And other free market tinkering for healthcare reform.
A commenter suggests other reforms would have been better than Obamacare:
"It seems absurd to me to say Obamacare will bring us toward a freer market. If we all recognize a free market with consumers being aware of real costs and allowed to make a decision on their own that would collectively drive the market, than why not recognize that the conservative position of eliminating interstate insurance purchases would have been a great first step to introduce market forces. The other aspect you ignore that has been well-documented in many studies is that the reason US health care is expensive is in large part the built in costs and extra testing associated with our lack of liability reform. That was purposely omitted from Obamacare. Many democrats said they would deal with that separately, but of course they've forgotten all about that given the huge donations they get from trial lawyers."Let's take these two ideas in turn. First the idea that if competition is allowed it will occur. There is no evidence for this whatsoever.
Allowing insurance sales across state lines comes up perennially as a way to drive down the cost of health care.Avik Roy argues it will just take longer, but so far the results are: nada. This idea also would not touch the "uninsurable" problem, which grows with each new diagnostic test.
Conservatives argue that allowing a plan from a state with relatively few benefit mandates – say, Wyoming – to sell its package in a mandate-heavy state (like New York) would give consumers access to options that are more affordable than what they get now.
A new paper from Georgetown University researchers suggests a third possible outcome: Absolutely nothing at all will happen. They looked at the three states – Maine, Georgia and Wyoming – that have passed laws allowing insurers from other states to participate in their markets. All have done so within the past two years.
So far, none of the three have seen out-of-state carriers come into their market or express interest in doing so. It seems to have nothing to do with state benefit mandates, and everything to do with the big challenge of setting up a network of providers that new subscribers could see. [More]
As for tort reform, I think the idea is obscured by an availability paradox. We read about multimillion dollar settlements and see the lawyer ads, but don't have a handy comparison to total health care costs. The CBO checked this claim.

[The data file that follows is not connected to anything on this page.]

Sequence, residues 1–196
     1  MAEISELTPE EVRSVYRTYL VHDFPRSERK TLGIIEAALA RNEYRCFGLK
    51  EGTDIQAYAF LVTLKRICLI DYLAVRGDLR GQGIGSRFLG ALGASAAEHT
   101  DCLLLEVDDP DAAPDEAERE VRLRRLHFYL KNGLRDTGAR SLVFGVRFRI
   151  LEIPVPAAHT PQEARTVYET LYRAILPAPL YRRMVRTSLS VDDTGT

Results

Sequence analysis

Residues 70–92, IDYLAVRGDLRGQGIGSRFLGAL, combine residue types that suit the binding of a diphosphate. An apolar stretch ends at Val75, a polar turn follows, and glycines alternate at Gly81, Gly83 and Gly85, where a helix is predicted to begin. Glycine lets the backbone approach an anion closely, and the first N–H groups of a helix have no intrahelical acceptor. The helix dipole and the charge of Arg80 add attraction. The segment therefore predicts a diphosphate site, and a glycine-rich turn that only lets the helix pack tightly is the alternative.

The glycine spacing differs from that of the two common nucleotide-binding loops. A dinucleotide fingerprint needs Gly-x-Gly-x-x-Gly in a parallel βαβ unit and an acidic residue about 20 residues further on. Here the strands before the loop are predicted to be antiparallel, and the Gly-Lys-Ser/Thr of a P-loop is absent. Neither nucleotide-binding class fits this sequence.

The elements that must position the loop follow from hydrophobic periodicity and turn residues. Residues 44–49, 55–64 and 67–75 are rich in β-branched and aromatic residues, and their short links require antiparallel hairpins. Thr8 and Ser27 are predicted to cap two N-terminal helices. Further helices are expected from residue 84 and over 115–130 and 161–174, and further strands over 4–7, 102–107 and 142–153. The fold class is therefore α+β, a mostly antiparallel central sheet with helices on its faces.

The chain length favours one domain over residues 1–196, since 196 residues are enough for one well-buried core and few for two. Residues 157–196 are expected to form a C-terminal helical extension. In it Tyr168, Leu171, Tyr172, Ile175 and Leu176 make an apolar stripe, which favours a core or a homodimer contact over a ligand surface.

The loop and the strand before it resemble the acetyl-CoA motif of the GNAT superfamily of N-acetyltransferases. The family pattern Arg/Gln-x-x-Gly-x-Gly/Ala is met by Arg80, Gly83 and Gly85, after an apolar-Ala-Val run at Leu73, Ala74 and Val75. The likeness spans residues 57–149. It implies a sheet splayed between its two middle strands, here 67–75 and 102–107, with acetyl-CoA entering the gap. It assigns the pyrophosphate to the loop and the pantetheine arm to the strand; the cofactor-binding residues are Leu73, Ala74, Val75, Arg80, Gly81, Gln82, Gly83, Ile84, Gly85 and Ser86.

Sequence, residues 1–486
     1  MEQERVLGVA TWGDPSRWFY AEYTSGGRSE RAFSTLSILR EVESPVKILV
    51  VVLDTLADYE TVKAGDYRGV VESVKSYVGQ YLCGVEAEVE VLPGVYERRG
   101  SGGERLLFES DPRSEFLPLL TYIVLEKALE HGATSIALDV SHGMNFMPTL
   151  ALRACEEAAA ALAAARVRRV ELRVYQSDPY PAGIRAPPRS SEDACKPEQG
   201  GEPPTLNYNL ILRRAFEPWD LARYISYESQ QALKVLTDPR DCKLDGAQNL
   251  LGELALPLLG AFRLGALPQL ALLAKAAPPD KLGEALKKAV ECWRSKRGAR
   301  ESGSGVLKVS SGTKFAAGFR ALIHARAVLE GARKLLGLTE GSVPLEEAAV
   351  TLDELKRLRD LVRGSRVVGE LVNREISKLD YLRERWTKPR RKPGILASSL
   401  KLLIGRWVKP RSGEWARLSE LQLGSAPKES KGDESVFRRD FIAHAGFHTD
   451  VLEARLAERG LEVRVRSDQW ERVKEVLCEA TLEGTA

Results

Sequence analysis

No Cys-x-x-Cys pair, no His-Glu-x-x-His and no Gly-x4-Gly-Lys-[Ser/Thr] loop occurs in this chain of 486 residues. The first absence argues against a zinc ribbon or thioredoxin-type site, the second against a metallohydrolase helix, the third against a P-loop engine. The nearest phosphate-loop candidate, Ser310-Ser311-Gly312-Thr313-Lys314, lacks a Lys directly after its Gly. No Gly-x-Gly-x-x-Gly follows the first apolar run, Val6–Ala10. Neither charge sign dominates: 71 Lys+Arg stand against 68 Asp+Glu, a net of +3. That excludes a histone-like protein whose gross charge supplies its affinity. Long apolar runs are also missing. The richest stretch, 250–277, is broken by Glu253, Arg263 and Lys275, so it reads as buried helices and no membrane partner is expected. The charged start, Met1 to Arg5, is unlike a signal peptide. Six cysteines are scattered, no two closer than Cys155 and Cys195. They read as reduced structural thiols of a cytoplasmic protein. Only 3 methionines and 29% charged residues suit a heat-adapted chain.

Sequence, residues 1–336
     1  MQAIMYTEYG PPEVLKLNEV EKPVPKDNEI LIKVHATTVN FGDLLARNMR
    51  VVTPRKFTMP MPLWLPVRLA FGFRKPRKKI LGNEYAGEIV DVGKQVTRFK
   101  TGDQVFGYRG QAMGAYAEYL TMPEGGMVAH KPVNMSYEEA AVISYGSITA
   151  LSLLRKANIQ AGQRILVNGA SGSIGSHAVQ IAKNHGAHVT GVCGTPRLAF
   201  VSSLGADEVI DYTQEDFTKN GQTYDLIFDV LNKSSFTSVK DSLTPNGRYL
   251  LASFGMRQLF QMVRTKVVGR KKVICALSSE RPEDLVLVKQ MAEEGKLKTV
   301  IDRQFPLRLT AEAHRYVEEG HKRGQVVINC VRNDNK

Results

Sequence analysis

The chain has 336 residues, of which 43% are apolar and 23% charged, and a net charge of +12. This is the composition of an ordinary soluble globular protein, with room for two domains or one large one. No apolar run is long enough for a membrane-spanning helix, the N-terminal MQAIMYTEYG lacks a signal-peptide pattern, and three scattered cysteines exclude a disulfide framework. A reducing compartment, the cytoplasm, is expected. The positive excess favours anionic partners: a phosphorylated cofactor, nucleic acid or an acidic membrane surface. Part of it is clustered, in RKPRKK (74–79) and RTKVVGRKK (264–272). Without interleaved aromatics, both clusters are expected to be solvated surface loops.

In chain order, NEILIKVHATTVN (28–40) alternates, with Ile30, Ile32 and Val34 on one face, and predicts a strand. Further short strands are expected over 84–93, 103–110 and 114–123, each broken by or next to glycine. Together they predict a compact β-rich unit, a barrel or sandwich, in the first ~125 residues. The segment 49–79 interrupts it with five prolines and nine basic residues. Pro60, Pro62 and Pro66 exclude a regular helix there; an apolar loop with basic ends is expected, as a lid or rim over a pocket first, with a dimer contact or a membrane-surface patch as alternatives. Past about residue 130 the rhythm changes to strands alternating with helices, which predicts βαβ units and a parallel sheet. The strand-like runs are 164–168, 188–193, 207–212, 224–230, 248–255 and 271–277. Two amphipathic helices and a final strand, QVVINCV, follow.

Elmendorf wrote that newly available research prompted CBO to update "its analysis of the effects of tort reform." The agency's conclusion: A package of reforms that included a $250,000 cap on damages for pain and suffering and a $500,000 cap on punitive damages "would reduce total national health care spending by about 0.5 percent."Tort reform isn't chump change, but it doesn't really move the needle. At about $5B per year saved it's really not a biggy. (At least that's what we say when they want to reduce crop insurance by a similar amount.) Keep this number in mind: $3T. That is our total health care cost estimate for 2014. (I picked that year because it's a round-ish number.)
The federal government would reap a substantial portion of those savings, the CBO said, primarily through reduced Medicare costs. [More]
Another issue is, as economists of all stripes point out, when you are paid per procedure (Fee For Service), you tend to get more procedures, regardless of "defensive" medicine or not. Personally, I also think American consumers want something done or prescribed, rather than hear, "You'll survive, just outlive it." Most doctor visits are for self-limiting or chronic complaints. Think of the antibiotic overuse (especially in children) that farmers point to when feeding antibiotics is linked to resistance.
I support both ideas. But because Republicans refused to negotiate during the passage of the ACA the ideas never got looked at seriously. When obstruction is your primary goal, why should your ideas be included? Davis Frum agrees. Much of Obamacare, and certainly the mandate, was a conservative idea back when I was a mainstream conservative.
There is no Republican plan for reforming our healthcare problem, and the two items listed above are good ideas, but hardly an answer. Besides, watch immigration reform. The right now has only one political skill/agenda: stop anything from happening.“Nobody was saying that it was creeping socialism or unconstitutional at the time. A lot of conservatives were for it,” former GOP senator Bob Bennett told me yesterday, looking back to the 1993 fight against “Hillarycare.”The roadmap for what was then the signature Republican approach to health-care reform was provided by the once quintessentially Reaganaut think tank, the Heritage Foundation, which now denounces “the cancer of Obamacare.” The offending document was written in 1989, at the dawn of the first Bush presidency, and its rationale for the individual mandate was as follows:1989 Assuring Affordable Health Care for All Americans